If you look at, you know, what's really known up until now, it's quite clear that for the major common disorders of our time that affect human beings all over the world, it's not any one genetic alteration, but rather numerous genetic alterations in many different diseases, or many different genes rather, together with specific environmental combinations that puts us at the ultimate risk that leads to the onset of a disease.

We're in the beginning stages of understanding it. And there may come a point in time where specific testing would help, you know, vast numbers of people. At this point in time, genetic testing is best done in those few mutations and a limited number of diseases where the risks to specific individuals are actually fairly high. And the benefits of testing at this current time is really very much up in the air.

But it's completely conceivable that some time in the future, we might be able to, you know, adjust somebody's both behavior and treatment, as well as management of an individual depending on their genetic profile. But we've got a lot of work to do, very interesting work, but a lot of work to do before we get there.

PALCA: So Gary, it sounds to me as if there's quite a bit more work before you can be certain that you'll be getting some value from your expense of whatever they cost to do this.

GARY: Sure.

PALCA: So, Larry Brody, can I ask you? Did I characterize that correctly? I mean, is there - is it worth buying these things yet?

Dr. BRODY: I think as learning more information about yourself, you can't argue that we should prevent people from doing that. But as far as the conveyed benefit and what you should do based on your genotype, we don't have a lot of information about that. I additionally would worry about those - and again, without specifics - offering genetic testing that is linked to telling you subsequent products based on your genotype. We don't have enough evidence to know whether buying these products will improve your health or not.

PALCA: Mm-hmm. Well, that is sort of the goal, I guess.

Dr. BRODY: Yes. No, we would like to get there.

PALCA: Yeah.

Dr. VALLE: Joe, this is Dave Valle. If I could comment on one thing.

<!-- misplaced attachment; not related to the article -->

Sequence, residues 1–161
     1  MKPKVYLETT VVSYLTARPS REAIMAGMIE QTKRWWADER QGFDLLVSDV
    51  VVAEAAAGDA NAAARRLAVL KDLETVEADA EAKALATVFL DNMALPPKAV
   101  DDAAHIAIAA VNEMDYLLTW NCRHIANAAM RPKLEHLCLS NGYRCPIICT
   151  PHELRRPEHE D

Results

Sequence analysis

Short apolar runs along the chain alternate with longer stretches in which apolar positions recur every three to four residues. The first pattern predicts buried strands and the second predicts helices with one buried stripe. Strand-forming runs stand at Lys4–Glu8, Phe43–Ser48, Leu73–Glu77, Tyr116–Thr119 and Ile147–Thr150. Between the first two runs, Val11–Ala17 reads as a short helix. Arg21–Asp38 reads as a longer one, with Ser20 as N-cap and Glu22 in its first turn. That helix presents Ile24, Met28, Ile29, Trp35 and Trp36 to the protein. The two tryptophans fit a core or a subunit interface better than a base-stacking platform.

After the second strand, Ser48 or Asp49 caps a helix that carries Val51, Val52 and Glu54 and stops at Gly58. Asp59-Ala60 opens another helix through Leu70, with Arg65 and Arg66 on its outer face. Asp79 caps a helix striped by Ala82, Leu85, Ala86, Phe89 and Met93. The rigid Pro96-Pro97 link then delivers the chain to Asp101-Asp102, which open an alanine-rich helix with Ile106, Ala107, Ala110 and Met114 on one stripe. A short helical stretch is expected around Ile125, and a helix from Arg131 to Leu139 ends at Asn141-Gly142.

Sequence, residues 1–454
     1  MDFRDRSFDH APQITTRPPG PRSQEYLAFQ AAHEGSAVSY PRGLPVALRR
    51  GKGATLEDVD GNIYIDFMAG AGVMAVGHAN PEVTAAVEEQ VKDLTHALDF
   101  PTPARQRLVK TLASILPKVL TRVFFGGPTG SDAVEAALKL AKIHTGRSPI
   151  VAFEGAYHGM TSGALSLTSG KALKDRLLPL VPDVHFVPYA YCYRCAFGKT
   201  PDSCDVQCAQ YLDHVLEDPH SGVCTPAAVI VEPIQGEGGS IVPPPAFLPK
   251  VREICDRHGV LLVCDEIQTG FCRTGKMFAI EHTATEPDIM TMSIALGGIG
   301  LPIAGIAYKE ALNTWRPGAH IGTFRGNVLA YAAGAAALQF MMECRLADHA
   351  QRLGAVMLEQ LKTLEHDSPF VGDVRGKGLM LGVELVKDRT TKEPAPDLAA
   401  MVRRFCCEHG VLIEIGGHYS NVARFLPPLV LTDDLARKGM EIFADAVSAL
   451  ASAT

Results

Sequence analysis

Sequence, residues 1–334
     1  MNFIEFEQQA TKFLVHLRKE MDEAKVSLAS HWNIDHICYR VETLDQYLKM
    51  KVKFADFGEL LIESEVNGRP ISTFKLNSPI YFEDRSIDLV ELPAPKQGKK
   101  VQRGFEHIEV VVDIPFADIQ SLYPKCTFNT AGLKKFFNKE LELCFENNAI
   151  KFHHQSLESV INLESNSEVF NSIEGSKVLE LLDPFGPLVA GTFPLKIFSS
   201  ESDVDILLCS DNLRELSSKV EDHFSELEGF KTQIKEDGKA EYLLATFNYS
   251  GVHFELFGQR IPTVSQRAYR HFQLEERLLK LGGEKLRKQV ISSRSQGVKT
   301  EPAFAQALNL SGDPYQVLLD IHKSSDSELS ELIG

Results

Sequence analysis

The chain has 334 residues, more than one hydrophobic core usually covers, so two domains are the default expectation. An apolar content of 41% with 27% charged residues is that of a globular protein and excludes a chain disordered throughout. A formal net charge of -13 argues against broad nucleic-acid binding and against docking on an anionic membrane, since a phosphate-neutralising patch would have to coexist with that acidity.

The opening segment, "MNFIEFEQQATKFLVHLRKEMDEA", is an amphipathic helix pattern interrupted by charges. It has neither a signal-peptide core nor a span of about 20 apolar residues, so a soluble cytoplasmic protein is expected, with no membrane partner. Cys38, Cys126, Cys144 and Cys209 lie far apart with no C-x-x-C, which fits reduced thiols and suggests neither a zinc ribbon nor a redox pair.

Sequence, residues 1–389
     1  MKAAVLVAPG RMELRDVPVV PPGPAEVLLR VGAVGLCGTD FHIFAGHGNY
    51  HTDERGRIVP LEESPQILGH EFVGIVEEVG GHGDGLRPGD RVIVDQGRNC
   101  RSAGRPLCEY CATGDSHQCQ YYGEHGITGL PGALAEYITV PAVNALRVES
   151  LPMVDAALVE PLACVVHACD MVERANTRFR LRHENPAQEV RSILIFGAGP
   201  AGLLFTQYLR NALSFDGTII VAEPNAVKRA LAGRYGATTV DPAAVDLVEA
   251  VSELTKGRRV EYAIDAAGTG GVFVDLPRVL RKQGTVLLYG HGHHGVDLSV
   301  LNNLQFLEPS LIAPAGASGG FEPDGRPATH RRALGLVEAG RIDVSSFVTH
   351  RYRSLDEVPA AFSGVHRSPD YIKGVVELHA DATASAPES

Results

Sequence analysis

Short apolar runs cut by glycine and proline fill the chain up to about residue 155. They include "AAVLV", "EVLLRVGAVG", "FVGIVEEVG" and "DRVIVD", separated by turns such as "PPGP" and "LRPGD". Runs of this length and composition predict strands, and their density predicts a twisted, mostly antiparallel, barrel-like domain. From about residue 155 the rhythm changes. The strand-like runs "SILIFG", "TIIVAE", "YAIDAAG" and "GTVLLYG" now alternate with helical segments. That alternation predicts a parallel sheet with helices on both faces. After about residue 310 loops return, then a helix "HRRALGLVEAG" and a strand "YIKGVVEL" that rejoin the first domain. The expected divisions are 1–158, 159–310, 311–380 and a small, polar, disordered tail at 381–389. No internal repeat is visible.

PALCA: All right. Sure.

Dr. VALLE: The one exception where the evidence is pretty clear is in certain areas of individual response to certain medicine, so called pharmacogenetics, where there the risks are sometimes quite major, and we know - physicians know of more than 20 different drugs in which there is individual variation in the ability to metabolize those drugs or respond to those drugs. And I think in those instances, that genetic information can be translated into how physicians manage individual patients. But I think rather than dealing with direct-to-consumer kinds of tests, the individual should discuss it with their physician...

PALCA: Right.

Dr. VALLE: ...and ask about whether if they need that medicine, ask whether or not that testing is merited in their case.

PALCA: Right. Right. I can see you'd get into trouble trying to manage all your over-the-counter medications with a bunch of tests for your genetic susceptibility to responding to aspirin or something like that.

Dr. VALLE: Right. Absolutely.

PALCA: Okay. Let's take another call now and go to Neal(ph) in Cleveland. Neal, welcome to the program.

NEAL (Caller): Thanks. My question is, are there any examples of genes or SNPs identified by genome-wide association studies that have actually led to either effective drugs without terrible side effects, or have elucidated the disease pathogenesis in a given case. And the reason I ask is because in my field of histocompatibility, the association between a particular gene called B27, and a disease called ankylosing spondylitis, is much stronger than almost any of the associations being mentioned in this program.

PALCA: Ah, you know, it's an interesting...

NEAL: Can I add to that?

PALCA: Yeah. Go ahead.

NEAL: In spite of that, there isn't a single drug nor is there any complete consensus on the pathogenesis of ankylosing spondylitis. And that association has been known since 1973. I think that helps to put...

PALCA: Well, I - no, it's a fair question.

NEAL: ...these findings, as interesting as they are, into perspective.

PALCA: Right. And - okay. Well, thanks Neal.

David Valle, maybe you would like to comment on that.

Dr. VALLE: Yeah. I would like to. Certainly I recognize the difficulty that people have had in getting to the bottom of ankylosing spondylitis. But there are now increasing examples of the kinds of insights and therapeutic implication from these SNPs, and I would mention two. The first is that the age-related macular degeneration, which I guess now - three years ago, we recognized Jacqueline Ho(ph) and her colleagues pointed out an association with a kind of innate immune - with a variant in an innate immune system called the complement system. And we now know that insight into the pathophysiology of age-related macular degeneration really has completely revised how we think about that disorder and opens the possibility for treating individuals at risk for age-related macular degeneration with anti-inflammatory agents and so forth.